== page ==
Salmon Laksa

Smoked Salmon Laksa with soft boiled egg

Serves 2

300g red curry paste

100ml cooking oil

1 tbsp mild curry powder

2 British Lion eggs

1 tbsp brown soft sugar

2 tbsp fish sauce

200ml fish stock

400ml coconut cream

300g smoked salmon, roughly chopped into bite sized pieces

1 small handful coriander

3 tbsp peanuts, lightly crushed in a pestle and mortar

300g vermicelli noodles, blanched in boiling water and refreshed in cold water

1 lime

Fry the curry paste in the oil and then add the curry powder. Fry for eight to ten minutes, moving all the time. Soft boil and peel your eggs - an average sized egg takes five minutes cooking time on a rolling boil. Once peeled, leave them aside at room temperature. Add the sugar into the paste and continue to cook for two minutes until the paste goes darker, then add the fish sauce and the fish stock and bring back to the boil. Once boiling, add the coconut cream and bring to a simmer. Check seasoning as you may wish for a little more sugar or fish sauce to taste. Lastly drop the smoked salmon into the curry and serve in a bowl with the cooked noodles. Pour the hot curry over the noodles to heat them. Garnish with a sprinkle of coriander, crushed peanuts, the soft boiled eggs ripped in half and dribbling into the curry and a wedge of lime to squeeze over for freshness.

I always cook my eggs in salted water and then remove from the boiling hot water into ice cold water with a splash of olive oil. If you then peel the eggs in the water the oil gets between the shell and the flesh making them easy to peel.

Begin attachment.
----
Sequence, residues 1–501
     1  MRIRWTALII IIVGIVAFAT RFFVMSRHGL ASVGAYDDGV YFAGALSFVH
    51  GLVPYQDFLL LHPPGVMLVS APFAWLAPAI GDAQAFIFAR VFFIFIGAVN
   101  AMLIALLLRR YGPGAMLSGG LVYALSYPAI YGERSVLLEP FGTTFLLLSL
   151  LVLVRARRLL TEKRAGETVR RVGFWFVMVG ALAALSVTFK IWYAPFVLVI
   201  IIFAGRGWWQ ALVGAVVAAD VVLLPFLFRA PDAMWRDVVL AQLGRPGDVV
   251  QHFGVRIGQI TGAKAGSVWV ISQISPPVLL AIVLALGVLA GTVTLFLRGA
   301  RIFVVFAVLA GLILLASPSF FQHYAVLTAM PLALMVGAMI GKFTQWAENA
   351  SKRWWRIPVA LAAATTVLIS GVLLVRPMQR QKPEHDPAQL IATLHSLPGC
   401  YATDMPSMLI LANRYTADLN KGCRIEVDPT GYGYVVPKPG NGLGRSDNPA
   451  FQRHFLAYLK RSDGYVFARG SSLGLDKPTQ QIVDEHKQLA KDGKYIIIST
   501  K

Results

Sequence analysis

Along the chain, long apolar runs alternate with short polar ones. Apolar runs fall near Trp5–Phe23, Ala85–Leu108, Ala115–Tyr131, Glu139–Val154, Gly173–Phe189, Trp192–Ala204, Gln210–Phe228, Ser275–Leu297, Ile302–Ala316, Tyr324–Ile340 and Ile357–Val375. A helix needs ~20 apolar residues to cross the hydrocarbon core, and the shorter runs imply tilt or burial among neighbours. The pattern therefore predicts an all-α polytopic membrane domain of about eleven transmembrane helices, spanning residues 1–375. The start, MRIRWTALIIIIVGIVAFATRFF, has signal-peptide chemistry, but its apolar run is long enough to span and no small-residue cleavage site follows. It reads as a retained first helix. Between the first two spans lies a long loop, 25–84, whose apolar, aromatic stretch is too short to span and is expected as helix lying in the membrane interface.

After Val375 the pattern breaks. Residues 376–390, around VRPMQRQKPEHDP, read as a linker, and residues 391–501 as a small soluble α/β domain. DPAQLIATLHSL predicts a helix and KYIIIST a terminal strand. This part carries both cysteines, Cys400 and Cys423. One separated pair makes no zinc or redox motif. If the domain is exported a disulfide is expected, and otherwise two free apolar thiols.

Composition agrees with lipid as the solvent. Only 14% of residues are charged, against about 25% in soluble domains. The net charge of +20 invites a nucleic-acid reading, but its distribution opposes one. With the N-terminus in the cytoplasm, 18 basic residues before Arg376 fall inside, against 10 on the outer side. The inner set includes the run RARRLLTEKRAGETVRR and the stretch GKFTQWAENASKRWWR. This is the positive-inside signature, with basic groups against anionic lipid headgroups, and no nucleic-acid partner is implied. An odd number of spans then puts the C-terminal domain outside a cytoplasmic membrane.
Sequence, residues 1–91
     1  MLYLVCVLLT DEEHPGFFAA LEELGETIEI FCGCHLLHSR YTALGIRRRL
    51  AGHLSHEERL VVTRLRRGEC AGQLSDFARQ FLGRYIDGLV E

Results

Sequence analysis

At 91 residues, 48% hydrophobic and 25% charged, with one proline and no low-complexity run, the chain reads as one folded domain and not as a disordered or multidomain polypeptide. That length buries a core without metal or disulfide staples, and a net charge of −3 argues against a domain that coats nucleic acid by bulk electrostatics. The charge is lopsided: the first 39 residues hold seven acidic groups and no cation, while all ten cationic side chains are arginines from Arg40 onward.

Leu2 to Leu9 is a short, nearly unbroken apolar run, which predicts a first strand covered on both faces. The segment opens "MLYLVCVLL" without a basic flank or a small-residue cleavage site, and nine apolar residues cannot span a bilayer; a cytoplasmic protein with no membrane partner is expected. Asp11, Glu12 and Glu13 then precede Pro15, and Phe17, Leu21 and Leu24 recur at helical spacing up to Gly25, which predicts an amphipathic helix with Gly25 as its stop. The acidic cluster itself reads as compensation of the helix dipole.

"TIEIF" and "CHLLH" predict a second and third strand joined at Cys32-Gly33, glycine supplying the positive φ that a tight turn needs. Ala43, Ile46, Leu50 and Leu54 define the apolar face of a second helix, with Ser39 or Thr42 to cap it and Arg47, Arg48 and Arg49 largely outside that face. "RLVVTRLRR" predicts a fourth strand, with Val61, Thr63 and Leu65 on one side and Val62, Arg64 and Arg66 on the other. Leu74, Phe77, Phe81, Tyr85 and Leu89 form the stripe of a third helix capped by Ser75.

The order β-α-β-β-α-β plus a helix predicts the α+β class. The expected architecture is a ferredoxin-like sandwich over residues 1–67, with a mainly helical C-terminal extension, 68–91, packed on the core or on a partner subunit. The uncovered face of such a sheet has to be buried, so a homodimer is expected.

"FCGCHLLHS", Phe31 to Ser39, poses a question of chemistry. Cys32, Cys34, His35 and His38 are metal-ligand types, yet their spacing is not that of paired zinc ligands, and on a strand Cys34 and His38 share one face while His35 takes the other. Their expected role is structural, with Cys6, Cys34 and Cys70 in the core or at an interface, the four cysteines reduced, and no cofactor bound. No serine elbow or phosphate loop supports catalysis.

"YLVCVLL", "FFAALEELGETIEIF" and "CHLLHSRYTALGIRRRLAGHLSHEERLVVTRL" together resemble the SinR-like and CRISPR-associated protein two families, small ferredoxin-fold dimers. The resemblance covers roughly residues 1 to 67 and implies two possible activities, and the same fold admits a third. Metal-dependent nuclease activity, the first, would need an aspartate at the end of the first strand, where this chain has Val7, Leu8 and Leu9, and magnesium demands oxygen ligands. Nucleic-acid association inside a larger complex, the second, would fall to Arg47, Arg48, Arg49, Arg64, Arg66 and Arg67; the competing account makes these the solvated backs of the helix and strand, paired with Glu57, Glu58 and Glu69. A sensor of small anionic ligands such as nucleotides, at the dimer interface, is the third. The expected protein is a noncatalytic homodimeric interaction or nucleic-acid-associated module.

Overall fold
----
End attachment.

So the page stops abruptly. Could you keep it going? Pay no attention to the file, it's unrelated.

Cucumber and shrimp soup

Egg, cucumber and shrimp soup​

Serves 2)

600ml vegetable stock

1/2 cucumber (peeled, sliced into 3cm thick rough cubes)

12 shrimp, de-veined, peeled and cleaned

3 tbsp light soy sauce

½ tbsp dark brown sugar

1 small pinch ground white pepper

2 beaten British Lion eggs

Fried garlic (either buy from a shop or just lightly fry sliced garlic in vegetable oil)

1 small handful Thai basil (normal basil also works fine)

2 British Lion eggs (optional – for topping)

In a pan add the stock, soy sauce, white pepper, sugar and cucumber and bring to the boil. Cook gently for a few minutes to soften the cucumber. Next add the shrimp and continue to cook until they are cooked throughout. Spin the mixture and crack two eggs into the soup causing them to scramble as they enter the moving soup. At the same time add the remaining eggs to a pan of simmering water and soft boil for five minutes, then remove and peel the shell. Rip the egg in half and add to the soup along with a handful of fresh Thai basil and crispy garlic and serve. Adjust seasoning if needed to suit your own taste.

Wok fried egg and spicy minced pork with garlic & ginger

Wok fried egg and spicy minced pork with garlic & ginger

The beauty of an Asian stir-fry is in the preparation of ingredients if this is well organised, then cooking the dish need only take minutes. This dish is a perfect example of this as it’s a delicious lunch snack and uses the runny yolk of a wok fried egg to contribute a rich element to the salad, leaving a sweet salty, sour and spicy plate full. If you fancy a little more of a fill this dish is delicious served with steamed jasmine rice.